Skin Histology in Systemic Sclerosis: a Relevant Clinical Biomarker

Curr Rheumatol Rep. 2020 Nov 26;23(1):3. doi: 10.1007/s11926-020-00970-z.

ABSTRACT

PURPOSE OF REVIEW: Systemic sclerosis (SSc) is a life-threatening autoimmune disease that causes debilitating skin fibrosis. The skin in SSc is easily accessible, and skin biopsies may provide rich biological data regarding underlying disease pathophysiology. Here, we review literature relevant to the potential for skin histology to serve as a diagnostic, pharmacokinetic/response, and predictive biomarker in SSc.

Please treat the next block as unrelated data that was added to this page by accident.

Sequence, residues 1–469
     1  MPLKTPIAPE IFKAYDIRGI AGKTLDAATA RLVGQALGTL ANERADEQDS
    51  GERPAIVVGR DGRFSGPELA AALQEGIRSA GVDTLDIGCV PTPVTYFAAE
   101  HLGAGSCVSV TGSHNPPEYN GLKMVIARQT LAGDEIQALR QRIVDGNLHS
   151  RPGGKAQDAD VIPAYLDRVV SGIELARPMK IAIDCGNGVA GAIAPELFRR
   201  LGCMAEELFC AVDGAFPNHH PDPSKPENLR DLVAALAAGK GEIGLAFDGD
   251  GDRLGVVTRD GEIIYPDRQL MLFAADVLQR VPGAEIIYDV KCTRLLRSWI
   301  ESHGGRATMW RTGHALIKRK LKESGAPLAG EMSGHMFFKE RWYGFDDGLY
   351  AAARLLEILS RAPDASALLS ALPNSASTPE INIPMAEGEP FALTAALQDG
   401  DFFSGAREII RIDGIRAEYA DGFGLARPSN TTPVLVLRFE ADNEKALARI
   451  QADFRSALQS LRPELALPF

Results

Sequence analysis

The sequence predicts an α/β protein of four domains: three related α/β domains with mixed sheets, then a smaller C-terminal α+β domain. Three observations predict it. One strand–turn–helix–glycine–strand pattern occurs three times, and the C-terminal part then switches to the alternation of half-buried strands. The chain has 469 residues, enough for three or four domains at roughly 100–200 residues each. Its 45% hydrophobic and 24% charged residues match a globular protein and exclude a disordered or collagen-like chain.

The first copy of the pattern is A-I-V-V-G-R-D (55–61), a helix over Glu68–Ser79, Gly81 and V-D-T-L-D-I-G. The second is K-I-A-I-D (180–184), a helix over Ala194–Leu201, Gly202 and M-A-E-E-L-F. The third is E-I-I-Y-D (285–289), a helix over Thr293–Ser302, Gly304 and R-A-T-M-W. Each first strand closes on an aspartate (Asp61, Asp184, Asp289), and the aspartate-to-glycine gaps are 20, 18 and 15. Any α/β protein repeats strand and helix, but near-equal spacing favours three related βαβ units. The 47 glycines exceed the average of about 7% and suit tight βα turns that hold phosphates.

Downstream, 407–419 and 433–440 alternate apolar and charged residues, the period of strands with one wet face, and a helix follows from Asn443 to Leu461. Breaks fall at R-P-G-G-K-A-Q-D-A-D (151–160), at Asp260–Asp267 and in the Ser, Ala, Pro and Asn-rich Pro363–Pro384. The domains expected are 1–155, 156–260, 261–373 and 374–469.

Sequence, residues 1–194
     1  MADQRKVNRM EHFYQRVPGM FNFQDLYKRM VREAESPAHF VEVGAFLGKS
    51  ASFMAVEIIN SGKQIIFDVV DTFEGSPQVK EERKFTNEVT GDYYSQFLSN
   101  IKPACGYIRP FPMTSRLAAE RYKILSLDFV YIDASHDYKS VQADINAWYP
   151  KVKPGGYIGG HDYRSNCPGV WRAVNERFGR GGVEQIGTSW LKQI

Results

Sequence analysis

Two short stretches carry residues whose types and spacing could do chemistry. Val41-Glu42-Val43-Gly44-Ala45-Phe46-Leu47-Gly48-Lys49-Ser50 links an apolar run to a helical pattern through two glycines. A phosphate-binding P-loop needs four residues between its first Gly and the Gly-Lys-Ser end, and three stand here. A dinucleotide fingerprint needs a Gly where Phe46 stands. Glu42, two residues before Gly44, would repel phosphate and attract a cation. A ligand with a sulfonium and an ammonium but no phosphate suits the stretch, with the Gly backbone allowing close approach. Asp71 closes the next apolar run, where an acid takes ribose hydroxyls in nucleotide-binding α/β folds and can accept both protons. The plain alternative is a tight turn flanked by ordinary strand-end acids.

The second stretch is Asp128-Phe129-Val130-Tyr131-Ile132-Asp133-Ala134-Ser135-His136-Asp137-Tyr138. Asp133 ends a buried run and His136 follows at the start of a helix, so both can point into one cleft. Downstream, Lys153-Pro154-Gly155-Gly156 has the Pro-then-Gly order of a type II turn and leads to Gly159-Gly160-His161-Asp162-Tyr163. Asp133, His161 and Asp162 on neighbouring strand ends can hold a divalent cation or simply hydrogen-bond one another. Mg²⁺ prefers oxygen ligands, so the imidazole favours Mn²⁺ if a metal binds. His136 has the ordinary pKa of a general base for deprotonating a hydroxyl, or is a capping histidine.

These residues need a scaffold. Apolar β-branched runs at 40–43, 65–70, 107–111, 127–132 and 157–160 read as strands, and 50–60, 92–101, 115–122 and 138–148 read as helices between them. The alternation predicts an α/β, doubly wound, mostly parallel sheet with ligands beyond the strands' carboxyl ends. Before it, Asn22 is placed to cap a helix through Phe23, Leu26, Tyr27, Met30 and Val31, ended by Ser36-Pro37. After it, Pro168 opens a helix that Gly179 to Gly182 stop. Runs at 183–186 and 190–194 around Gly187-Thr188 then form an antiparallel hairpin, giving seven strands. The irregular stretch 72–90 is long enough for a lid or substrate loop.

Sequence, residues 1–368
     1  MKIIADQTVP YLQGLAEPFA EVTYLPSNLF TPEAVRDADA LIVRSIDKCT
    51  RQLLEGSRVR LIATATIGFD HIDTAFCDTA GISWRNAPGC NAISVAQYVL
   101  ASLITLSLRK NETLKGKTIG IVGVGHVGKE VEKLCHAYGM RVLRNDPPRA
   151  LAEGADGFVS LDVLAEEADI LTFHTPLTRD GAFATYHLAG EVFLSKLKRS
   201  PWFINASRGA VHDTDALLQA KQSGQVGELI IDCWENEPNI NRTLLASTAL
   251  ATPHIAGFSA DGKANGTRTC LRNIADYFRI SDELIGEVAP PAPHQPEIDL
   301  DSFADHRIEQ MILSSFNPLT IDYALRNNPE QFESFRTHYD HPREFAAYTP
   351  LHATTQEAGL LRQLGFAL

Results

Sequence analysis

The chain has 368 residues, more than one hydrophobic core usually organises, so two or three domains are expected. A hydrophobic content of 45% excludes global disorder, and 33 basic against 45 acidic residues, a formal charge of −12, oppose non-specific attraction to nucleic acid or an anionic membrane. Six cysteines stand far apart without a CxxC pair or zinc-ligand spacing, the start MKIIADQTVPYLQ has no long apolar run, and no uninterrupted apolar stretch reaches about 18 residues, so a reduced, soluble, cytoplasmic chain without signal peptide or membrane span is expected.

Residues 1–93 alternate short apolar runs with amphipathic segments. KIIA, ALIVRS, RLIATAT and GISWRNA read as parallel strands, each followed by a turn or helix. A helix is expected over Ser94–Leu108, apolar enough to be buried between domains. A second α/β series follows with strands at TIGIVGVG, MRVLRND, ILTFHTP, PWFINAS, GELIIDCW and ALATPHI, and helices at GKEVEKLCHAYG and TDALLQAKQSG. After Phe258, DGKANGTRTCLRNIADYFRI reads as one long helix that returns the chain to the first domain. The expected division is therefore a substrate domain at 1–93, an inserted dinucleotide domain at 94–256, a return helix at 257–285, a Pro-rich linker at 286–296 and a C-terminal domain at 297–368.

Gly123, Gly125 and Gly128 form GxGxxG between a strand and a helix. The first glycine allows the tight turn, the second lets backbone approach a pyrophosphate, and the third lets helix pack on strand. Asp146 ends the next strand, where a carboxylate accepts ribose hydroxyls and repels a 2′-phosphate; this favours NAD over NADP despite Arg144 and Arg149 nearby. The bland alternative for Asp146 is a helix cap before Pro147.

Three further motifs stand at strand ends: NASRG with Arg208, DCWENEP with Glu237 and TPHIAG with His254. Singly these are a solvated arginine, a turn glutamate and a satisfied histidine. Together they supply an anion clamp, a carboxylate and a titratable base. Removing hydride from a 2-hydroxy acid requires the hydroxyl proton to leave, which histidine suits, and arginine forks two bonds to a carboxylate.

RECENT FINDINGS: Multiple histologic parameters correlate with SSc severity, including alpha smooth muscle actin (aSMA), CD34, collagen density, thickness, and inflammatory cell infiltration. Recent clinical trials incorporate skin histology as exploratory outcome measurements; however, a standard approach is not yet established. The possibility that skin histology may be useful as a predictive biomarker was suggested by a recent study that identified genes related to skin aSMA and CD34 staining intensity that were increased at baseline among improvers versus nonimprovers. Current literature supports skin histology as a mechanism to measure treatment response, but future work is needed to define minimally meaningful changes in key SSc skin histologic features.

PMID:33244633 | DOI:10.1007/s11926-020-00970-z